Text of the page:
Texas Contingency Pay Bill Goes to Governor

Texas Governor Rick Perry has signed a contingency pay bill into law that allows glazing contractors to take legal recourse if a general contractor gets paid but does not pay them. The Prompt Pay Act (Senate Bill 324) was signed into law by Gov. Perry on June 15.

"This bill is an important, common sense measure that ensures subcontractors are compensated fairly and properly for their work," says Krista Moody, deputy press secretary for Gov. Perry.

According to the Texas House of Representatives, SB 324 "governs the enforceability of contingent payment clauses in construction contracts and defines the rights and duties of the parties involved - the contingent payor (general contractor), the contingent payee (subcontractor) and the obligor (project owner)."

The Prompt Pay Act details circumstances in which a contingent payment clause may or may not be enforced when working with subcontractors, including glazing subcontractors. The strength of the bill lies in the following clause that prohibits a contractor to withhold payment from a subcontractor based on the initial contractor not receiving payment:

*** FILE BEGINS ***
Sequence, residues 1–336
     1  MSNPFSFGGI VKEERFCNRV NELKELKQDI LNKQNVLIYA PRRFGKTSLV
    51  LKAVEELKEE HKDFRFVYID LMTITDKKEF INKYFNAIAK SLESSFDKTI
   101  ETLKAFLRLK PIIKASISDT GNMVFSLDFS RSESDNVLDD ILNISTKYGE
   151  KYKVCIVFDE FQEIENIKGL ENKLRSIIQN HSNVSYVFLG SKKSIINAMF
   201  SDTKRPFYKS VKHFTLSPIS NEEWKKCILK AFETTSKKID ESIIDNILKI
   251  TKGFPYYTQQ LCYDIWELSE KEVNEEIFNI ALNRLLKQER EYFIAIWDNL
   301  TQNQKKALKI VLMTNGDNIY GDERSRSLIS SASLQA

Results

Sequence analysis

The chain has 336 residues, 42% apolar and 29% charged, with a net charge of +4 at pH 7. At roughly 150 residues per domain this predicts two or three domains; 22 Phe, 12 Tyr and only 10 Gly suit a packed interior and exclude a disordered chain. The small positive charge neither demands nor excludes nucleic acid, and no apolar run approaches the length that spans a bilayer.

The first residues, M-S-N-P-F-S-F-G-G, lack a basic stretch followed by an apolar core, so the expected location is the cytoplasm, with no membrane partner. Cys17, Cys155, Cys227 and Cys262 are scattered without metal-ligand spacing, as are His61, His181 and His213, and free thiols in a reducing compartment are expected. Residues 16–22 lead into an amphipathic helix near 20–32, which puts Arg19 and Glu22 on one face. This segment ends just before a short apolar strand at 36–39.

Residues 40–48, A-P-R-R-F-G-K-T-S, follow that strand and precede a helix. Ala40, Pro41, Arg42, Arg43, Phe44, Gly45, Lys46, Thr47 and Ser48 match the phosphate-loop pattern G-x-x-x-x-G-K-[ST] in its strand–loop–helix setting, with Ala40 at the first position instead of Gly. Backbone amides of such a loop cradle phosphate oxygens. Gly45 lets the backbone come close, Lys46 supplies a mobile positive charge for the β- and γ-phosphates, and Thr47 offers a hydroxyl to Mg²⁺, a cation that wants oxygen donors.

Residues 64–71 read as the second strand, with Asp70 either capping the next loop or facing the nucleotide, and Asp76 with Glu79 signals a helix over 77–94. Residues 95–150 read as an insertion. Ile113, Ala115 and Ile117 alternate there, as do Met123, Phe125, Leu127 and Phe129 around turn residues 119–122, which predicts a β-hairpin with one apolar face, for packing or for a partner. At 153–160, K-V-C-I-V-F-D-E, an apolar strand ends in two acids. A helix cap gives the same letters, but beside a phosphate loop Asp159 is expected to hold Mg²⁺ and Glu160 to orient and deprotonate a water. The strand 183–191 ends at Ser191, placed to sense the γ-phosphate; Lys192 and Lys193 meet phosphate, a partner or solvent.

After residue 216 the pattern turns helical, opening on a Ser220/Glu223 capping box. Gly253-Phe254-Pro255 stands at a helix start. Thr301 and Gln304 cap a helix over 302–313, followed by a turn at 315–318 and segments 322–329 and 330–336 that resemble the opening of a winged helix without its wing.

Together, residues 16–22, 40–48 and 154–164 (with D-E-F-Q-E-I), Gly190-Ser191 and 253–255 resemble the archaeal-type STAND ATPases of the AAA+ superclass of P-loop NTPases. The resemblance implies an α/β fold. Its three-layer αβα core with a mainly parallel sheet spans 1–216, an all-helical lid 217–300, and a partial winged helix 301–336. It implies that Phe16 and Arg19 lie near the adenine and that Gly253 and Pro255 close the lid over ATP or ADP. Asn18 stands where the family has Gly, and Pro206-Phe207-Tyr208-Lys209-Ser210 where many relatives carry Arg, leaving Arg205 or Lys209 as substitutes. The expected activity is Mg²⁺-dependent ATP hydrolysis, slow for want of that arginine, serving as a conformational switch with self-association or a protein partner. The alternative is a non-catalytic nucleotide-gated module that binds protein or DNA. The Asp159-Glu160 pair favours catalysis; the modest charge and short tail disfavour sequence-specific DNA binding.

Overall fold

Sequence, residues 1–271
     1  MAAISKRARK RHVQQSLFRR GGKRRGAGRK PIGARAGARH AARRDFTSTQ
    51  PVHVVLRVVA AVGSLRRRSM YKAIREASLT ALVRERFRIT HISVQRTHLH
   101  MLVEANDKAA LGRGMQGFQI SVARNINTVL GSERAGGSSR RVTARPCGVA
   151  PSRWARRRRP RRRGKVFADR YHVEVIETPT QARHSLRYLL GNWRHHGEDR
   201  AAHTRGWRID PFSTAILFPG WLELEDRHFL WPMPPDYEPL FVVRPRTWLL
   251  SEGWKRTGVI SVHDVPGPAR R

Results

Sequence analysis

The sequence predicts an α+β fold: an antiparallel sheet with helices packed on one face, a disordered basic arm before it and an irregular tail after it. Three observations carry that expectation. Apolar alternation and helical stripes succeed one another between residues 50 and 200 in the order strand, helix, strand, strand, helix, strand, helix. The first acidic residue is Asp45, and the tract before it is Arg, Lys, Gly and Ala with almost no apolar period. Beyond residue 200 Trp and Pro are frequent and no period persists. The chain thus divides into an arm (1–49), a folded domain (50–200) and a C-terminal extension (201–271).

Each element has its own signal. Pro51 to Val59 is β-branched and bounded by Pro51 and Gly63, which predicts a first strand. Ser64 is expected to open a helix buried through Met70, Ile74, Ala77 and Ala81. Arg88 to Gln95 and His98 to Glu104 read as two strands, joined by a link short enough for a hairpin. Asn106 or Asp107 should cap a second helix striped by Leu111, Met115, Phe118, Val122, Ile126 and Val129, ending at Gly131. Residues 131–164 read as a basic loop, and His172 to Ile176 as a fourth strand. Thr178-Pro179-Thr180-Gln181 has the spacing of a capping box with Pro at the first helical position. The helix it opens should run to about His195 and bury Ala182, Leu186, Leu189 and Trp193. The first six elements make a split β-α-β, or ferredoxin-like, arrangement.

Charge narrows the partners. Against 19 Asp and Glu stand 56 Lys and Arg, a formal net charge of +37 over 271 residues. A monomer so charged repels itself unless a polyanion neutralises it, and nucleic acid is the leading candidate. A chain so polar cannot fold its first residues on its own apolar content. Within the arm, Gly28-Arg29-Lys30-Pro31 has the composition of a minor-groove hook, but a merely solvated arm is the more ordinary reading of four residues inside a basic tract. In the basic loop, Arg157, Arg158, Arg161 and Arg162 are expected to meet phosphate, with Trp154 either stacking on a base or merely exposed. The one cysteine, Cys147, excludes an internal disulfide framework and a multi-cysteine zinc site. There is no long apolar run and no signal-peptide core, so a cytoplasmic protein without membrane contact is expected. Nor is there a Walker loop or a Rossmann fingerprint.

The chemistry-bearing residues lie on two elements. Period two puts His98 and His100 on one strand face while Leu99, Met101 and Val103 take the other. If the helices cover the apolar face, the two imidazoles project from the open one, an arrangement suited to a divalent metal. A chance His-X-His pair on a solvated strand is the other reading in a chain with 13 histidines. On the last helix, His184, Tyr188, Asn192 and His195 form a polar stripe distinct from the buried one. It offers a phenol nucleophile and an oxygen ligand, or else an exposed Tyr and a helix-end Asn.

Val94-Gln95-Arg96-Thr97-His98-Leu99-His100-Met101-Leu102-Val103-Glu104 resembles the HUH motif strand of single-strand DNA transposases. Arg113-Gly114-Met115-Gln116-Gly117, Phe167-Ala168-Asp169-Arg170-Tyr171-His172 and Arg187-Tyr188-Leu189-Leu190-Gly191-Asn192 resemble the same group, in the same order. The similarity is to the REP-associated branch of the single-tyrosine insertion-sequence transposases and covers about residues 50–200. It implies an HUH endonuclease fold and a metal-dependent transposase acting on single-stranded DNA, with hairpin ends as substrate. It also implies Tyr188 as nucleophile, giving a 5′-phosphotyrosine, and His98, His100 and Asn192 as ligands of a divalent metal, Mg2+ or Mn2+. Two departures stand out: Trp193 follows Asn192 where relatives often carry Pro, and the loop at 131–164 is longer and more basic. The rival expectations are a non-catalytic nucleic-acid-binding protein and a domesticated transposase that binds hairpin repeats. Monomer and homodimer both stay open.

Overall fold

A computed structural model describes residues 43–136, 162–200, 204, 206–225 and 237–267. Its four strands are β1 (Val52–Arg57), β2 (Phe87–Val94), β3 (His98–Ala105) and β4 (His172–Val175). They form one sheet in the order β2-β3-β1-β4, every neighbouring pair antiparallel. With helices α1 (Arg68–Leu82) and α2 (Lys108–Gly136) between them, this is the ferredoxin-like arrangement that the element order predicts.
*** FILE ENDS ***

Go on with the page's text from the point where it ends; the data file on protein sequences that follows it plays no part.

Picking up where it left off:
"A contingent payor or its surety may not enforce a contingent payment clause to the extent that the obligor's nonpayment to the contingent payor is the result of the contractual obligations of the contingent payor not being met, unless the nonpayment is the result of the contingent payee's failure to meet the contingent payee's contractual requirements."

The Prompt Pay Act also enables both contractors and subcontractors to cease work after a reasonable period of nonpayment, and during which they have given notice to the owner, until they are paid for the project. The Act provides circumstances under which a contingent payment clause may be enforced or disputed, and the steps necessary to take those actions.

According to Virginia Lee, executive director of the Texas Glass Association, the progress of the bill realizes the founding principle of the local organization. "This was the reason we founded the association it has taken from 1990 to 2007 to get this accomplished," says Lee. "We are really tickled that it has gone to the governor to sign."